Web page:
Though they welcome clients of all ages into their fitness facility, Fouad “Fred” Jaroudi and his staff at Community Health Center specialize in exercise for ages 35 and older using the second floor’s passive workout machines. Downstairs, younger visitors hook up their music while using more-intensive weight machines, treadmills, and free weights along with a punching bag and speed bag.
At the Martier Music Academy, kids can nurture discipline, commitment, and confidence while benefiting from the expert instruction of a professional staff of deft-fingered musicians, such as Joe Grushecky, Pete Hewlett, and the Grammy-nominated percussionist Ron Beitle. Private lessons allow kids between seven and 14 years old to attend weekly half-hour ($100 per month) or one-hour ($180 per month) instructional sessions, and are available for piano, guitar, drums, voice, and performance. Kindermusik classes help boost the development of children ages seven or younger while offering several different programs, including Young Child, designed for kids between five and seven years old ($90 per month for four months).
The YMCA Adventure Warrior Race gives kids and adults a chance to prove themselves against ropes courses, mud, water obstacles, and other unexpected mental and physical challenges—all while supporting a good cause. Amid the breathtaking views and tranquil waters of Lake Tris, runners maneuver around trees and carry heavy objects up the sometimes snow-covered Laurel Highlands mountains, climbing up to 1,000 feet as they go. Warriors aged 16 and older make a 4-mile circuit, whereas younger participants run age-appropriate distances of a half mile or a full mile. Trophies and the respect of all the woodland creatures are awarded to the top male and female runners, top male and female teams, and top co-ed team. According to the Daily American, funds raised from the race provide camp scholarships that allow kids to attend residential and day programs at the 263-acre YMCA Camp T. Frank Soles.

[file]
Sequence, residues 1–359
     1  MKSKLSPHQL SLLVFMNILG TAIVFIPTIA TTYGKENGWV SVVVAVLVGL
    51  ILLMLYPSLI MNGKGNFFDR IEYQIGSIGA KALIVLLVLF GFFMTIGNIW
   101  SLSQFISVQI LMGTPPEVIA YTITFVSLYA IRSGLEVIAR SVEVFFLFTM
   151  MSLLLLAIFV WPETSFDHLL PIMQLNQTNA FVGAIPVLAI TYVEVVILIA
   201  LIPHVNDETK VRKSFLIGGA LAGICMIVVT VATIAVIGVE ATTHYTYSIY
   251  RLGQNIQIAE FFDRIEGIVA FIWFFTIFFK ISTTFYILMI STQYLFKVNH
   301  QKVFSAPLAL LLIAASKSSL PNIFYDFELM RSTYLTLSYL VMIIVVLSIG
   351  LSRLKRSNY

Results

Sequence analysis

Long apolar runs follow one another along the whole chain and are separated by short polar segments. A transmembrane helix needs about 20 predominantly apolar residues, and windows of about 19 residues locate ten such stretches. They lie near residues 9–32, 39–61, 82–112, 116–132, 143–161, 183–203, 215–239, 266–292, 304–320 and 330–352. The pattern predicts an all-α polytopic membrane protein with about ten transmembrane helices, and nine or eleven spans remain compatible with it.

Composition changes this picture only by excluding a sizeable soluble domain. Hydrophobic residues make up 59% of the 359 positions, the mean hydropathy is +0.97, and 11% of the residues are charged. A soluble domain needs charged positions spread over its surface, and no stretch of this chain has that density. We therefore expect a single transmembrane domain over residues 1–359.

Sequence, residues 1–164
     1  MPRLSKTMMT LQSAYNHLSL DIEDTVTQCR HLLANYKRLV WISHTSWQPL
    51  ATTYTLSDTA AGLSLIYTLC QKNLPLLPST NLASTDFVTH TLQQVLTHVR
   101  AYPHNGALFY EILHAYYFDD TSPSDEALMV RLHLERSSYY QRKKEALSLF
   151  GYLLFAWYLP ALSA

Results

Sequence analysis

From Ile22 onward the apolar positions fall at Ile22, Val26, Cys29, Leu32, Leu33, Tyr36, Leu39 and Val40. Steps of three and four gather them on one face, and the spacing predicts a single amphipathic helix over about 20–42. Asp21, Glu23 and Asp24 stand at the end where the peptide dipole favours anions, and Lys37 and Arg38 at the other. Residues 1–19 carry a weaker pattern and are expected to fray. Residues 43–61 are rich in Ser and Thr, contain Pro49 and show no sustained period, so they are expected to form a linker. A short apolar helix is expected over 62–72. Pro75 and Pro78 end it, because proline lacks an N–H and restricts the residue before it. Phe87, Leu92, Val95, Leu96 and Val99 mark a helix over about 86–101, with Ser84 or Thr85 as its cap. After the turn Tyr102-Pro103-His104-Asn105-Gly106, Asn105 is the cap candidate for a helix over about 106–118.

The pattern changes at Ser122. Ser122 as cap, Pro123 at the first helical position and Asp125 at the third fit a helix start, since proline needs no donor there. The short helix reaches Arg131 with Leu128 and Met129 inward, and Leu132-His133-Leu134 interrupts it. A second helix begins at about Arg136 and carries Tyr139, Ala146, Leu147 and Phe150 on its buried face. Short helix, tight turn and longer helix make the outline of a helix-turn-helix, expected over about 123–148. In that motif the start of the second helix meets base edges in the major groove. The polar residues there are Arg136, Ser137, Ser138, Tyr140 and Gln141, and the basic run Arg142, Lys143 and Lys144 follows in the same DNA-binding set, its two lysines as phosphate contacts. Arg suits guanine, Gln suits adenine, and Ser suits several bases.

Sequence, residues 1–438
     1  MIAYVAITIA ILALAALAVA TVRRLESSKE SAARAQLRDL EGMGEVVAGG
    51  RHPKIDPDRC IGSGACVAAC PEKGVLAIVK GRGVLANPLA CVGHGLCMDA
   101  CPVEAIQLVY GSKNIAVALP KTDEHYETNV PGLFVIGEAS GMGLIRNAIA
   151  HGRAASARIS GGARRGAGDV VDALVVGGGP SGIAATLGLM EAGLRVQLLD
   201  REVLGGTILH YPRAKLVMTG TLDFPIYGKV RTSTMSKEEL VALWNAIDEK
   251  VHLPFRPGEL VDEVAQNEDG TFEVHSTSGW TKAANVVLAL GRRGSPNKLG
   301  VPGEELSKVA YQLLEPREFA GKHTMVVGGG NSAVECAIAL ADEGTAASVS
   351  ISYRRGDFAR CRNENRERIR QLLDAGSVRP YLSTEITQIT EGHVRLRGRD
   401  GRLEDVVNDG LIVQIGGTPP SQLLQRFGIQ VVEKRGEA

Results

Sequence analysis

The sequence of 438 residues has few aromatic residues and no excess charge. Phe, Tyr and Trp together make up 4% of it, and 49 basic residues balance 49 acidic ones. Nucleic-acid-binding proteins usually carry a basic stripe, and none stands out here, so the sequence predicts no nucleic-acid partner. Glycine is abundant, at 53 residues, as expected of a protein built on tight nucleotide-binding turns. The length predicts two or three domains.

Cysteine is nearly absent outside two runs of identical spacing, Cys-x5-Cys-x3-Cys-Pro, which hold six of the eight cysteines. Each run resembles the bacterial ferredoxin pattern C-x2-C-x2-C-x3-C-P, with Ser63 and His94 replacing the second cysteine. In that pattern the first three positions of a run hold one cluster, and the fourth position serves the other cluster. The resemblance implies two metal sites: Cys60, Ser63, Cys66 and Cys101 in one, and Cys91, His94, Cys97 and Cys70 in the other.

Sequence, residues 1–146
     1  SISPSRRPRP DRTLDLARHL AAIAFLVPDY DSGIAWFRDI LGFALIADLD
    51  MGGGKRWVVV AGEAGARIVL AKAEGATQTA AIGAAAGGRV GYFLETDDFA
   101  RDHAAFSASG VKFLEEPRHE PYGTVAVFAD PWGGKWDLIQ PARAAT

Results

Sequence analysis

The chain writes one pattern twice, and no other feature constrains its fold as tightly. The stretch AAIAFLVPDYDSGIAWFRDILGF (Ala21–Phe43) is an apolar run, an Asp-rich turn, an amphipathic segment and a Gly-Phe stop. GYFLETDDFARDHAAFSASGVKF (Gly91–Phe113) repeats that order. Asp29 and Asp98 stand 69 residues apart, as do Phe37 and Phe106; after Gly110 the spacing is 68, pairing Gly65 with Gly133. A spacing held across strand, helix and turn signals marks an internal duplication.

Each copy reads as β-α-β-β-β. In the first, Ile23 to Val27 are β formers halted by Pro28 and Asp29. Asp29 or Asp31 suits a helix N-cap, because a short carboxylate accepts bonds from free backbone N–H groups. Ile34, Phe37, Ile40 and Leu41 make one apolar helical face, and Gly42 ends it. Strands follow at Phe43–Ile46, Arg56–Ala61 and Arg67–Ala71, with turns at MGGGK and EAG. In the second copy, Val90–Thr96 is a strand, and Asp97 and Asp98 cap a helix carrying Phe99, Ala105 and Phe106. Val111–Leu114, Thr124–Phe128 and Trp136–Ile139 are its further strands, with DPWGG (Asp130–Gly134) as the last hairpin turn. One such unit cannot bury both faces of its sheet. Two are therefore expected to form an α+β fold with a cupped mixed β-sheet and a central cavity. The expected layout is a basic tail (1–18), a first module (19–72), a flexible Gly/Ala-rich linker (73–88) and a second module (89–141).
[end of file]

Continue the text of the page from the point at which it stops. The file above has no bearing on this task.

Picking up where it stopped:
The MyoFitness instructors work hard to knock down the barriers that prevent people from getting fit. Rather than summoning clients to gyms, they come to homes and offices for private personal-training and private yoga sessions, sparing clients the hassle of driving home sweaty or finding a babysitter for their needy, needy house plant. Unlike following along to yoga and fitness videos, this brand of one-on-one attention helps ensure proper form and reduce the chance of injury. And to assist with ongoing progress, the instructors also dole out nutrition advice and counseling tailored to suit the needs of each client.
Though programs vary based on each individual, trainers typically begin programs with a focus on core strength and balance skills, and then move on to secondary muscle movements—a progression designed to reduce the risk of injury. In addition to participating in on-location sessions, clients can opt to meet trainers at the gym or join group fitness classes and rigorous boot-camp workouts.